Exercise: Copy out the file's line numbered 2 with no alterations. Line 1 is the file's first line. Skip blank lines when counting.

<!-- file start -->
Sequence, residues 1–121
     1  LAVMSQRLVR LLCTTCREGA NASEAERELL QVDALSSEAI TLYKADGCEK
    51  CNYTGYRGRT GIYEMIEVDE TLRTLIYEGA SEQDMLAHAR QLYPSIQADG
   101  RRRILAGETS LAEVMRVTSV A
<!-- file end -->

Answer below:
     1  LAVMSQRLVR LLCTTCREGA NASEAERELL QVDALSSEAI TLYKADGCEK